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Nobody Will Confuse ‘MoMaCha’ With MoMA, Cafe Says

By: Joyce Hanson

Law360 (May 15, 2018, 5:56 PM EDT) — A Manhattan cafe is fighting a trademark lawsuit brought against it by the Museum of Modern Art in New York federal court, arguing Monday that MoMA’s bid to stop the cafe from using similar marks fails to show the museum will be irreparably injured or consumers will be confused by their use.

MoMaCha, a cafe that primarily sells an Asian powdered green beverage known as “matcha,” prominently disclaims any affiliation with MoMA at many points along the customer experience at the cafe’s Lower East Side location as well as on its website, according to MoMaCha’s opposition to the museum’s motion for preliminary injunction.

“In order to show a likelihood of success on the merits of the trademark infringement and unfair competition claims, as is sufficient to obtain a preliminary injunction, MoMA must show a likelihood of consumer confusion, and MoMA has not made and cannot make this showing,” MoMaCha said.

The cafe asserted that the museum’s mark is “conceptually and visually weak,” then went on to cite a 1976 Second Circuit ruling in Abercrombie & Fitch v. Hunting World saying trademarks fall into one of four categories — generic, descriptive, suggestive, and arbitrary or fanciful — with “generic” being the weakest and least protected and “arbitrary” the strongest and most protected.

MoMA risks no injury from MoMaCha because the museum’s marks are “descriptive at most” in terms of its logo when selling artwork reproductions, and it isn’t in the business of preparing MoMA-specific beverages, the cafe said.

“Visually, the MoMA’s marks are nothing more than four letters written in black and white, the colors ordinarily used to convey written words, in a font that is nearly identical to the widely available and commonly used Franklin Gothic font,” MoMaCha said. “Moreover, the visual elements and content of MoMA’s marks are the same or strikingly similar to those of other marks used by contemporary art museums throughout the country,” including the San Francisco Museum of Modern Art and the Museum of Contemporary Art North Miami.

The museum’s April 20 preliminary injunction bid stems from its April 17 complaint accusing the cafe of infringing its “famous” trademarked name and trade dress that date to at least 1967 and appear in exhibition communications, retail goods and its restaurant, The Modern.

Trademark violations cited by the iconic museum, founded in 1929 and known as MoMA for decades, include MoMaCha IP LLC and MoMaCha OP LLC’s purported use of logos that are nearly identical to the ones at the museum in both font and color choice, as well as displays of art that have allegedly led people to believe that the two parties are affiliated since the cafe opened in April.

The museum also claims the cafe owners intentionally chose their name and design to imply association with the museum when they filed U.S. Patent and Trademark Office applications in November to register the mark MOMACHA for cafe beverages and restaurant services, as well as in January to register the mark MOMA, identical to the museum’s, for the same uses.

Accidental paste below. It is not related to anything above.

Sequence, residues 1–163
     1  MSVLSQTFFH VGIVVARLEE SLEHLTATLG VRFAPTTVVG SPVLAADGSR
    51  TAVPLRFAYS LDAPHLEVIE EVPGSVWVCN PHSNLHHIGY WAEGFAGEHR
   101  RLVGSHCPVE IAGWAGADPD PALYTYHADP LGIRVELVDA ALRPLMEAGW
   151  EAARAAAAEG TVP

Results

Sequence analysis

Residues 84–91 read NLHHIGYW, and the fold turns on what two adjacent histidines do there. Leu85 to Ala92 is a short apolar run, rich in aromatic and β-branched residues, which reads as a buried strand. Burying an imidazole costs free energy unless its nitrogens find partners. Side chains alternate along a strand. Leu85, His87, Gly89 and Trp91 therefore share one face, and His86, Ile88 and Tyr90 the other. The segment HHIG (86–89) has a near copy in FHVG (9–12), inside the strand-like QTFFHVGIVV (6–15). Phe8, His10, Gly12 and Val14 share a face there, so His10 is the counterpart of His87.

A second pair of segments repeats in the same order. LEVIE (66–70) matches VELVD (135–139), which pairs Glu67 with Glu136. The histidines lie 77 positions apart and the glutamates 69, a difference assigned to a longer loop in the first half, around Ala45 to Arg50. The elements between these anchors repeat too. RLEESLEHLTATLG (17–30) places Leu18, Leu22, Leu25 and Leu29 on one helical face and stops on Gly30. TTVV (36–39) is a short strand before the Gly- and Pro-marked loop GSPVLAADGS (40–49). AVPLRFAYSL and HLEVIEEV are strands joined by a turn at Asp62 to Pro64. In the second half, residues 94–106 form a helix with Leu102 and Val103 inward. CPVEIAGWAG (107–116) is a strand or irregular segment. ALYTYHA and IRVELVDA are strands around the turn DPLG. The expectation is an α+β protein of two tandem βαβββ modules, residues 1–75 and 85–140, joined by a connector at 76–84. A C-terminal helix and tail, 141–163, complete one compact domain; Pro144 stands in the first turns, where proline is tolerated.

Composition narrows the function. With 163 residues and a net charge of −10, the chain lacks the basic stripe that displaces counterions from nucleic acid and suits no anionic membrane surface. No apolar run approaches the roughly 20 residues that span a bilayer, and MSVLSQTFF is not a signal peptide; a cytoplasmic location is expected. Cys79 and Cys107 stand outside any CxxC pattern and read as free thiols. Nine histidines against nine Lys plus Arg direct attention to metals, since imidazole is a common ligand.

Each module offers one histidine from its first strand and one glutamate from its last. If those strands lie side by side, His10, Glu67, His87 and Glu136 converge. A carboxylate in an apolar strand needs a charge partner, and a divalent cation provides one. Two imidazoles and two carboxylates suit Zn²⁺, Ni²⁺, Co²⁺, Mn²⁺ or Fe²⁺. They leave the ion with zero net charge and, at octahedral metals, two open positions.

The lawsuit lists various MoMA uses of its trademark and logo since 1967, saying the museum has taken all the right steps to protect its famous mark, including applying for USPTO trademark rights and registering its ownership of multimedia software, dining facilities, and three stores selling goods such as jewelry and books that use the MoMA name.

The museum claims online sources show that MoMaCha plans to present contemporary art installations at its gallery and cafe and that it intends to open two or three more art cafes in New York City this year, also to be called MoMaCha. Currently, according to the complaint, the new business’ website and social media presence on sites like Facebook, Instagram and Twitter are all promoting the allegedly infringing MoMaCha name.

The complaint asserts claims of trademark infringement, false designation of origin and trademark dilution under the Lanham Act, saying MoMA has valid registered rights in the MOMA marks from the 1989 filing date for its first application to register them. The museum claims it has used the marks in the United States since at least 1967, predating by 40 years the cafe and gallery’s first use of the MoMaCha marks. It also asserts trademark infringement and unfair competition claims under New York common law.

MoMaCha’s attorney, Christopher B. Spuches of Agentis PLLC, told Law360 in an email Tuesday that MoMaCha has “bent over backwards at considerable cost” to accommodate the museum’s concerns. Yet MoMA is proceeding full speed ahead with expensive lawyers on both coasts to crush the 450-square-foot tea shop, according to him.

“MoMA hasn’t just failed to show the likelihood of consumer confusion, they have failed to show ANY customer confusion,” Spuches wrote. “To suggest that a person buying matcha tea from a small tea shop called MoMaCha is going to be confused that the tea shop is affiliated with the Museum of Modern Art is preposterous. In addition, the trade name MOMA has been used by many businesses, including other museums, shoes and wine.”

Representatives for MoMA did not immediately respond Tuesday to a request for further comment.

MoMA is represented by Jamie A. Levitt, Jennifer Lee Taylor and Sabrina A. Larson of Morrison & Foerster LLP.

MoMaCha is represented by Christopher B. Spuches of Agentis PLLC.

The case is The Museum of Modern Art v. MoMaCha IP LLC et al., case number 1:18-cv-03364, in the U.S. District Court for the Southern District of New York.

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